Is Peter Tork a Loner?

Magazine: Hullabaloo
Author:
Editor: Bruce A. Gedman
Published:
Volume: 3
Issue: 1
Publisher: YAM Publications, Inc.
Pages: 51–53

How did the rumor that Peter Tork is a loner get started? Or is Peter, in fact, a loner?

Just yesterday, he told me that he can’t understand why a lot of kids keep writing to him, calling him “Dear Loner.”

And I told him; “Frankly, that’s your reputation. All of you are labelled. Davy is the cute one, Micky the wild one, Mike the quiet one, and you the lonely one.”

His answer: “Maybe my fans know more about me than I do. I’m willing to admit that sometimes an outside observer can know a person better than that person knows himself. Everyone that writes about Johnny Carson says he is a loner, and Johnny keeps on poking fun at that idea on his show. Well, if Johnny can deny it, so can I.”

Stories about Peter as a loner can be traced back to the Monkees’ visit this year to Paris. All the Monkees cavorted and made merry in the land of DeGaulle, and Peter could be found in the middle of the hairiest action. But every so often, he would drop out of sight, turning the Monkees temporarily into a gleesome threesome.

“Where did you fly to?” I asked Peter.

“Every so often,” he said, “I’d want away. So I picked up a good book—a manual on philosophy actually—and just wandered from cafe to cafe, having a glass of the local brew and a long read. It’s really the unwinding bit.”

That Peter is a reader is no secret. Even on the TV set, you can see a paperback book in his hippie pocket; he likes to read between takes. Peter doesn’t go in for novels. He reads mainly to increase his knowledge, so mostly it’s non-fiction.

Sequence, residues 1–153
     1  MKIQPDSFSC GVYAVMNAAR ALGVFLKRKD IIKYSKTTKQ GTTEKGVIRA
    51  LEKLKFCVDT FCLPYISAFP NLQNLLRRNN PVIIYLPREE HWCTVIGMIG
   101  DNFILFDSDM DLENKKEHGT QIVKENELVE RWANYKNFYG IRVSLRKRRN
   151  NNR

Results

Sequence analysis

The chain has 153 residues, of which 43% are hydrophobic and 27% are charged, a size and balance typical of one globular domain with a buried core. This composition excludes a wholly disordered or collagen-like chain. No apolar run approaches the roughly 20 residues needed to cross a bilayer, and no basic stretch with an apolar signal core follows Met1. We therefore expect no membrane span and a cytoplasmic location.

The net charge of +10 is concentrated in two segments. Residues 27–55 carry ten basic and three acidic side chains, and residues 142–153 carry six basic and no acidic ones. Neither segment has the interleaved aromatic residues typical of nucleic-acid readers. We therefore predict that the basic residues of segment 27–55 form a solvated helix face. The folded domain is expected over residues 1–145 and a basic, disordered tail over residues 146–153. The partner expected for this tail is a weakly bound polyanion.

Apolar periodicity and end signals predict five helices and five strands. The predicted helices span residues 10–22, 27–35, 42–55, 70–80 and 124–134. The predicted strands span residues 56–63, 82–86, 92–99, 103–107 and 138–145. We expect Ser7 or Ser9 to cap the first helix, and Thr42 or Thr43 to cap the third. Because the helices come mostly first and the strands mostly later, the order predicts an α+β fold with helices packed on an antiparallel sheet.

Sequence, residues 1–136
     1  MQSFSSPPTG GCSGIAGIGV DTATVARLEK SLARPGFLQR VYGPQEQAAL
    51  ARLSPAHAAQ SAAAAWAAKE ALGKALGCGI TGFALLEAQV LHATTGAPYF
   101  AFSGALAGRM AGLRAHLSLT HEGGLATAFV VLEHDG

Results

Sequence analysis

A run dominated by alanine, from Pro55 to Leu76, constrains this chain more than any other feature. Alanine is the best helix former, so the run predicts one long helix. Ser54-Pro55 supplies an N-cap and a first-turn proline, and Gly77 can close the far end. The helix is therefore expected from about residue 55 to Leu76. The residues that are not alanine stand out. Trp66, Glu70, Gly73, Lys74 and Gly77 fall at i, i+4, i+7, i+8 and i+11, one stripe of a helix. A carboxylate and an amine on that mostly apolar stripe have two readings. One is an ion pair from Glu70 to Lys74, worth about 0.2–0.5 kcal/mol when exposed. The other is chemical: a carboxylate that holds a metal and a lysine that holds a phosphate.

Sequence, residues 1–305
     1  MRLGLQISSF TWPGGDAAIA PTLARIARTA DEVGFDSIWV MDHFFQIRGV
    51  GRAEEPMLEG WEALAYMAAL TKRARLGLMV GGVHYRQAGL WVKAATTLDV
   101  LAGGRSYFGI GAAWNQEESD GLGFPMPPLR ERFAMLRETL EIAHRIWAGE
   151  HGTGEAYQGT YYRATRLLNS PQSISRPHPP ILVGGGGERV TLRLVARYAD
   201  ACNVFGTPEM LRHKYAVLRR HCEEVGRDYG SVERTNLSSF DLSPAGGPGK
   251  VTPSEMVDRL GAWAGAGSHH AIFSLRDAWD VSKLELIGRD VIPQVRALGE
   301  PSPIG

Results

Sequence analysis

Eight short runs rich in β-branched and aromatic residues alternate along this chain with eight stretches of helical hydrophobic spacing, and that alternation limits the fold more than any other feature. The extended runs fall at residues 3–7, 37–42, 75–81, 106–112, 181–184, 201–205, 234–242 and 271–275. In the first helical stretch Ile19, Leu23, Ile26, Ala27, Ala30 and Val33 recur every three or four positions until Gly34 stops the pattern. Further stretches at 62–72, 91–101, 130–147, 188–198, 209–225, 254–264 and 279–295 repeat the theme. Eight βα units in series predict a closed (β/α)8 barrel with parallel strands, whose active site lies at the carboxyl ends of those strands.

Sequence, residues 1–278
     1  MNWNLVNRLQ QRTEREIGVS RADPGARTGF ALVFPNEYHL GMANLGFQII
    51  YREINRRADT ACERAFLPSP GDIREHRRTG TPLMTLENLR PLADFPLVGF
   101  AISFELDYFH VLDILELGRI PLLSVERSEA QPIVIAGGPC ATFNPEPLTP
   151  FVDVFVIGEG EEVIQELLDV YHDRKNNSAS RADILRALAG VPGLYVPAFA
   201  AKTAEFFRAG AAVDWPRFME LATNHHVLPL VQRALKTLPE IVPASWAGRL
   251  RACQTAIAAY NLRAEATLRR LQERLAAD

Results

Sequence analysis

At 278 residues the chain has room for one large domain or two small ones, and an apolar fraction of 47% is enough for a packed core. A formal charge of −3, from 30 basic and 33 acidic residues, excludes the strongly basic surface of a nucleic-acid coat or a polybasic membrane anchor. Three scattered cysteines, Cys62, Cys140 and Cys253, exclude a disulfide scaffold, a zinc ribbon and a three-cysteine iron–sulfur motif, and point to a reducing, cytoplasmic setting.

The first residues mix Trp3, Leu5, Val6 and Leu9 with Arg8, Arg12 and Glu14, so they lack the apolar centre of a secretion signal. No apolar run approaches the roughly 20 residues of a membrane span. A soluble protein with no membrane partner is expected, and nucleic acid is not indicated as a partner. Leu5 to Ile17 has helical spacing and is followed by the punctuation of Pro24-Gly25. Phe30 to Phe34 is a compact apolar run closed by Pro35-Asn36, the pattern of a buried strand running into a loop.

“I prefer something a bit serious,” he says, “so I can baffle people with my massive intellect.”

If Peter gives the impression of being a loner in his social life, can you blame him? A marriage that didn’t work and several busted love relationships have left Peter a little gun-shy. It’s only natural for him to feel that he can’t get hurt when he’s by himself. But this doesn’t necessarily make him a loner, because most of the time, he balls it up with the best of them.

And then, there is the creative side of Peter that demands solitude in order to function effectively. He says: “When I want to concentrate, I’d rather be alone. Like I can’t write songs if there are other people about. It just embarrasses me to sing out loud something I’ve just created.”

Perhaps this loner bit has been pushed too far. Man isn’t a totally social animal. He needs action to make him groove and grow. But there are times when he has to be alone—to do personal things, to evaluate himself, to commune privately, to regather his strength for the next encounter with all those beautiful people out there. Peter is a well-rounded person some time for others and some time for himself. People who can’t stand to be alone are real sickies—and the same goes for those who can’t stand to be with people.

Of course, the final lie can be put to the loner myth just by examining Peter’s life in the Village before he joined the Monkees. Down there, Peter was a free spirit. As a locally popular folk singer, he made every scene. His comings and goings and doings were common knowledge. That was the real Peter—and it still is.

Says Peter: “Please don’t think of me as the Lone Ranger in the Monkee cage. You could have me feeling all blue and sorry for myself… which I ain’t.”

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